Monday, October 02, 2006

Lynn's Swann Dive into "A New Direction"

Although I have no factual basis to state this (this is only my belief), while I suspect this book was written more by Robert Heiler than by Lynn Swann, I do credit Robert Heiler for thoroughly researching and arguing the basic conservation Republican positions in this book. Partisans will note the comment in the book from Charena Swann when she writes of her husband, “I do not share his party affiliation.” The book goes downhill from there.

The book calls for more programs that will make voters happy while calling for lower business taxes. The tired arguments that businesses will locate elsewhere without tax breaks is made, despite the numerous economic studies and admissions from business executives that state tax breaks make little or no difference in their business location decisions. (Indeed, it would be a foolish business executive who decides a permanent location on the basis of such a minute factor in the costs of operations.) The book further calls for greater protections for doctors (who someone fit the Republican bill as an underprivileged class) from those nasty patients who wish to sue them when doctors make mistakes that only hurt the health of patients.

The book correctly notes that taxes and spending increase over time, as does inflation. Again, the solution that is offered is to reduce business taxes, perhaps because businesses should be made immune to inflation. I guess individuals will be willing to make up the difference, something they should consider when they go to vote. Amazingly, the book makes the argument that cutting taxes will increase revenues, the logic of which has seldom if ever existed on the state level.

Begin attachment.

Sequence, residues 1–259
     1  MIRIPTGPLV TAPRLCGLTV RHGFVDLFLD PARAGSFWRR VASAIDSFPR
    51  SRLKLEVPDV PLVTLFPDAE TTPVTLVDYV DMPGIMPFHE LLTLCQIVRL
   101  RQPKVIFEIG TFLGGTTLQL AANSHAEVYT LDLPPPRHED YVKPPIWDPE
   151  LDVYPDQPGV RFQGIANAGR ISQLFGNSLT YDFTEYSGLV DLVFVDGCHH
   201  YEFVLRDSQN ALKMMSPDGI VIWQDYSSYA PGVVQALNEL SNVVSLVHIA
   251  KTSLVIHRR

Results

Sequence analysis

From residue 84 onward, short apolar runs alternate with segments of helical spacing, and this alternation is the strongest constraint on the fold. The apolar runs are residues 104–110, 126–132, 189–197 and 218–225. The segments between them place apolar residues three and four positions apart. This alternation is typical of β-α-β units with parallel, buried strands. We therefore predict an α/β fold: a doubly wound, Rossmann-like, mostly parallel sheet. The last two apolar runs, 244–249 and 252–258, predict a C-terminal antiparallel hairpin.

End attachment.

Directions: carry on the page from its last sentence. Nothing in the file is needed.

Lynn Swann proposes capping property taxes at 3% even though the costs of education have been increasing at higher rates. He even makes proposals that would increase education costs even further, such as increased monitoring and tracking of students’ progress and bonus pay to teachers whose students outperform students in schools of similar demographics.

Swann also proposes limiting spending on a formula according to inflation, again ignoring the realities that major components of the state budget such as health care and education are increasing faster than inflation.

While business taxes are to be lowered, the book calls for new spending in restoring 1,000 miles of streams, increased agricultural and farmland preservation, increased efforts on improving green spaces, brownfields, hazardous sites, and mine reclamation, as well as creating new programs in agricultural resources, vocational agricultural programs, and agricultural research. These ideas have merit, although the book ignores how to pay for these with the fewer revenues (oh, I’m sorry, I forgot, the authors believe that reducing taxes increases revenues. If that is the basis, I would warn agriculture and environment advocates not to hold their breaths waiting for these additional revenues.)

Some roads should be leased, the authors argue. Readers should be forewarned that this would mean higher tolls so the lessees can make profits off of drivers. The authors are also hoping voters ignore where they wrote “Rendell believes adding police officers will address the crisis…This alone will not lower the murder rates”, as this is what Swann’s Republican friends in the legislature have since proposed.

Students of legislatures will find it interesting that the authors propose that the Governor can not sign or veto any legislation until at least 72 hours after it passes the General Assembly, with exceptions allowed for stated emergencies. Also, they “applaud” (it is your guess whether “applaud” means “supports”) a proposal to reduce the legislature to 30 Senators and 121 Representatives (thus giving legislators more constituents and making it more difficult to serve each and all).

This book will make an interesting archival study someday when future researchers seek to learn of failed ideas during the 21st century.


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